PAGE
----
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In Defense of Prince Hubalajad

Author: 
Lady Cinnabar of Taneth

If you know anything about Yokudan history, you're aware of the role Prince Hubalajad played—or did not play—in the early days following the initial Ra Gada colonization. We know "Prince Hew" as a comic figure, share tales of his thick-headed approach to impossible problems, and jest about his aggressive opulence. A shrine to Zeht floods as a sign of the god's displeasure? Build a more extravagant one further downstream! An oft-repeated Taneth expression for wasting money is "laying foundation with Hubalajad's coin."

Yet, what is truly known of the Luckless Prince? The only references available are third-hand documents, at best. The many apocryphal tales muddy the issue, drawing us further and further away from the actual man. Therefore, we must look to the land of Hew's Bane itself to draw our own conclusions. What if, for only a moment, we approach what are commonly accepted as his many failures on their own terms?

We know Hubalajad must have arrived in the barren land of what was then called "Khefrem's Boot" with a sizable amount of soldiers and artisans. Without local quarries, and with no reliable overland route from the north, they needed to import a mass amount of cut stone by sea. The natural protected harbor in what would become Abah's Landing was undoubtedly their first stop. A steady flow of laden barges would prove tempting to pirates, so Hubalajad's first necessity was to construct No Shira Citadel, an imposing fortress overlooking the Abecean.

It is true No Shira was soon undermined by seasonal flooding. But in response, Hubalajad appealed to Zeht with a shrine. When subsequent flooding washed out the first shrine, he did order the construction of another, yet more elaborate shrine—but from an examination of the stonework, the new one was upstream of the last. Seen in this light, "Prince Hew's thick-headedness" was in fact persistent resolve. Appealing to the Yokudan god of agriculture is not the act of an arrogant or thoughtless man.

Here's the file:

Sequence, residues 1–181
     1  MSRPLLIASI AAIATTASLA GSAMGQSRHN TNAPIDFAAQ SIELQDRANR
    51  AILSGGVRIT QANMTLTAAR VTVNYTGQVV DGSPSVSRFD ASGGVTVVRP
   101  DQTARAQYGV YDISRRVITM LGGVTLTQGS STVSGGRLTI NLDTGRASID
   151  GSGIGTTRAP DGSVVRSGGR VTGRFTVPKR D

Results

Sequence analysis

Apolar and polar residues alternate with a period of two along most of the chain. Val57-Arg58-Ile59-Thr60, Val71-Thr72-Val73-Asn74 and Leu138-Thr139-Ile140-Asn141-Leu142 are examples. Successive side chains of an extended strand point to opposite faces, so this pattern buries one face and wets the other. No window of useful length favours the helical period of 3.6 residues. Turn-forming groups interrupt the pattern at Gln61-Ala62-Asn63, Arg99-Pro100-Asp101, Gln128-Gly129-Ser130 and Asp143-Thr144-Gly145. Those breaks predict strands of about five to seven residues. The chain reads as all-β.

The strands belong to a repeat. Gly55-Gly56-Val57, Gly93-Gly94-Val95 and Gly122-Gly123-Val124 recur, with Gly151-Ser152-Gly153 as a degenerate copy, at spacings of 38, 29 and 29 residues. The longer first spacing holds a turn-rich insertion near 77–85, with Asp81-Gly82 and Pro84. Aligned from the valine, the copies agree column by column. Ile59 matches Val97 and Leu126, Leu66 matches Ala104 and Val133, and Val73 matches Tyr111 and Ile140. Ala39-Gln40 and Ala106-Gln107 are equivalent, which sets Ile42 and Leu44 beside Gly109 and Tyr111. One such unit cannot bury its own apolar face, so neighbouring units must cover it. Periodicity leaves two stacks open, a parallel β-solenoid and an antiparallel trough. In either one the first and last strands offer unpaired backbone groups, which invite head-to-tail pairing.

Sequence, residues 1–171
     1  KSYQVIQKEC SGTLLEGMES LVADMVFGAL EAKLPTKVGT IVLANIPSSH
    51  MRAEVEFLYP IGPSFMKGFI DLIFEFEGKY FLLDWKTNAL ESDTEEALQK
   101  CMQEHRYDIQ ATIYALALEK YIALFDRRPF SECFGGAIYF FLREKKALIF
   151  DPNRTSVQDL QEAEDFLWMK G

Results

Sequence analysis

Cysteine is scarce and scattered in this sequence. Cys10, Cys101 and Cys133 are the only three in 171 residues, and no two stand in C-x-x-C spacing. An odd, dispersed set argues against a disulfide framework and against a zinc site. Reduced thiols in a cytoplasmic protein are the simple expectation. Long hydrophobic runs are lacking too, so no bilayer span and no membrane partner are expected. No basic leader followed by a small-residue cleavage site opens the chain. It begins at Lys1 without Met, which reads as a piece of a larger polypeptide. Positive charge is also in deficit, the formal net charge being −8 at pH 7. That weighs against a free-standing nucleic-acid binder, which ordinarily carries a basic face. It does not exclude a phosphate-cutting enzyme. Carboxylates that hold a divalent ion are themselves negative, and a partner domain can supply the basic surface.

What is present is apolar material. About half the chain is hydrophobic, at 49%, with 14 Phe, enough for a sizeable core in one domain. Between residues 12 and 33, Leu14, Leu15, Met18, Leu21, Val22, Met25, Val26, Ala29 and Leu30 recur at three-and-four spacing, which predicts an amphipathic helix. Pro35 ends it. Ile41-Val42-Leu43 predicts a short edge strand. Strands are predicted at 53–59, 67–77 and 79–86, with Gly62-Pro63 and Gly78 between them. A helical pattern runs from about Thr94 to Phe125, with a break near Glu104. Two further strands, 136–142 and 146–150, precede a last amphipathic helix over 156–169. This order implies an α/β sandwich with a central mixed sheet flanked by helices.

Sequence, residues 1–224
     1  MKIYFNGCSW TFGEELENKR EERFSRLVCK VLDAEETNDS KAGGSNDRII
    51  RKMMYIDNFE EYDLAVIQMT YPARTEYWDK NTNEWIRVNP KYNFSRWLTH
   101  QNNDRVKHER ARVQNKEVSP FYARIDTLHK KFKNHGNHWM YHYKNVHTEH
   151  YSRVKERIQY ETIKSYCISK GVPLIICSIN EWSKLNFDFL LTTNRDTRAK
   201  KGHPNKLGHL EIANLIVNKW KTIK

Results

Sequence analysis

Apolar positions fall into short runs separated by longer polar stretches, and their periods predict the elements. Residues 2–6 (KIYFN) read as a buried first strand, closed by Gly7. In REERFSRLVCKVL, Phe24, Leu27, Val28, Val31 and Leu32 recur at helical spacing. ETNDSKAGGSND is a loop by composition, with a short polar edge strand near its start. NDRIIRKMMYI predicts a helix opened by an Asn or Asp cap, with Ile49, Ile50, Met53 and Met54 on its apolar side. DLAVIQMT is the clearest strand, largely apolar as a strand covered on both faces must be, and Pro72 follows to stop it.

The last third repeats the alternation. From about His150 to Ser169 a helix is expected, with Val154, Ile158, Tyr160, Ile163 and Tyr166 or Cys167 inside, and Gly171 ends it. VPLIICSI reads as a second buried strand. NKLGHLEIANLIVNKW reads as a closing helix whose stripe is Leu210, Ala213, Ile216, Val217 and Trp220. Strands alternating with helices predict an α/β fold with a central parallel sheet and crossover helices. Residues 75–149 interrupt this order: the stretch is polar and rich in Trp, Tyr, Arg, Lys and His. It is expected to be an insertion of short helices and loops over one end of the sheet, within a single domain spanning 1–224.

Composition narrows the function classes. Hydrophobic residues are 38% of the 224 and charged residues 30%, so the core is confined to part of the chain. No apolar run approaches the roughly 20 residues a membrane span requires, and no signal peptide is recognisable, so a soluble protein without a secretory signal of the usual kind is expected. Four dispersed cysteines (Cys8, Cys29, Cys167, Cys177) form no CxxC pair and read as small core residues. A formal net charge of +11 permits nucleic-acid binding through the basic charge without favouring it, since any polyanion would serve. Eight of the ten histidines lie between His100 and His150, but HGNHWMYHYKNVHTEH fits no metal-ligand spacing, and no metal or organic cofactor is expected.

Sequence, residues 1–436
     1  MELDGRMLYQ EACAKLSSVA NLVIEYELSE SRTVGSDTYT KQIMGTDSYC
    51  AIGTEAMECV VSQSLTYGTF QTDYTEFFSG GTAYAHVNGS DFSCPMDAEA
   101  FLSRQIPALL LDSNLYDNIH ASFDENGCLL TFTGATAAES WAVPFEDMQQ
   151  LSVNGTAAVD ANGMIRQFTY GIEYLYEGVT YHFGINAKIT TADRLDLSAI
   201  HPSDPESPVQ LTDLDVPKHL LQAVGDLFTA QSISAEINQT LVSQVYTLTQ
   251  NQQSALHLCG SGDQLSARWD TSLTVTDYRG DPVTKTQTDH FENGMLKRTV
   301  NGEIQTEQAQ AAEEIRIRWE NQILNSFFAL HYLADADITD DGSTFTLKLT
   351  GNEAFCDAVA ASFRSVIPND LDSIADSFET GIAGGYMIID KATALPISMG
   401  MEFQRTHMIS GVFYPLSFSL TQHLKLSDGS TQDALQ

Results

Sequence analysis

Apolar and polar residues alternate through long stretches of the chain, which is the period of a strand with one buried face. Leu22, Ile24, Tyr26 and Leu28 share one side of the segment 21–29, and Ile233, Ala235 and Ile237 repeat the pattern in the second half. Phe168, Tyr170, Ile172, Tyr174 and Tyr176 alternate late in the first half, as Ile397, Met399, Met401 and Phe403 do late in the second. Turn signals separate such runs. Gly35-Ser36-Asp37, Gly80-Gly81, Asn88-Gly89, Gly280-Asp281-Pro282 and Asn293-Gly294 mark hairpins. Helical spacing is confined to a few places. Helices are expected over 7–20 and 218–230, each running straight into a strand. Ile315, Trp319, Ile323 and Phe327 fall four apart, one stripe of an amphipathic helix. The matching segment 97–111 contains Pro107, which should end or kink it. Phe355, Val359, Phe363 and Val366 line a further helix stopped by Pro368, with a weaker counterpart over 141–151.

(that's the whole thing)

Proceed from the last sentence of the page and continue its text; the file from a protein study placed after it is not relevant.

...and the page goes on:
All the while, Abah's Landing grew from a soldier's camp and shantytown to a sprawling city. Despite the many hardships of this frontier life, Hubalajad constructed a great palace—a symbol that this land was his home, and that he was just as committed as the locals to thriving. Stone went to the great walls of Abah's Landing, showing that its contents deserved as much protection as the Yokudan ships.

For a moment I ask you to set aside the multiple tombs, the impressive Princes Gate that opened a northern passage to Ra Gada territory, and the Yokudan statue just south of the Abah's Landing harbor that most erroneously believe was an idealized image of Hubalajad himself. The very act of constructing a citadel and a walled city at the same time, with the same pool of resources, would require a sharp mind for logistical matters. If it was not Hubalajad himself, he knew enough to surround himself with someone who could. This is hardly the style of a witless buffoon.

The scale of Hubalajad's setbacks do not, in this author's opinion, justify the tales of endless folly. Was it a whispering campaign from jealous rivals who decried the resources he poured into an inhospitable land? A blemished reputation for not recognizing his half-uncle was a necromancer? Did he invoke the ire of a Yokudan god, or perhaps a Daedric Prince? Though we may never truly know, we should keep one thing in mind about Hubalajad: before his arrival, no Man or Mer left a mark on this land. Today, the only structures surviving two millennia were those constructed by "Prince Hew."

Messages from Hews Bane 2

Author: 
Lady Cinnabar of Taneth

If you know anything about Yokudan history, you're aware of the role Prince Hubalajad played—or did not play—in the early days following the initial Ra Gada colonization. We know “Prince Hew" as a comic figure, share tales of his thick-headed approach to impossible problems, and jest about his aggressive opulence. A shrine to Zeht floods as a sign of the god's displeasure? Build a more extravagant one further downstream! An oft-repeated Taneth expression for wasting money is “laying foundation with Hubalajad's coin."

Yet, what is truly known of the Luckless Prince? The only references available are third-hand documents, at best. The many apocryphal tales muddy the issue, drawing us further and further away from the actual man. Therefore, we must look to the land of Hew's Bane itself to draw our own conclusions. What if, for only a moment, we approach what are commonly accepted as his many failures on their own terms?

We know Hubalajad must have arrived in the barren land of what was then called “Khefrem's Boot" with a sizable amount of soldiers and artisans. Without local quarries, and with no reliable overland route from the north, they needed to import a mass amount of cut stone by sea. The natural protected harbor in what would become Abah's Landing was undoubtedly their first stop. A steady flow of laden barges would prove tempting to pirates, so Hubalajad's first necessity was to construct No Shira Citadel, an imposing fortress overlooking the Abecean.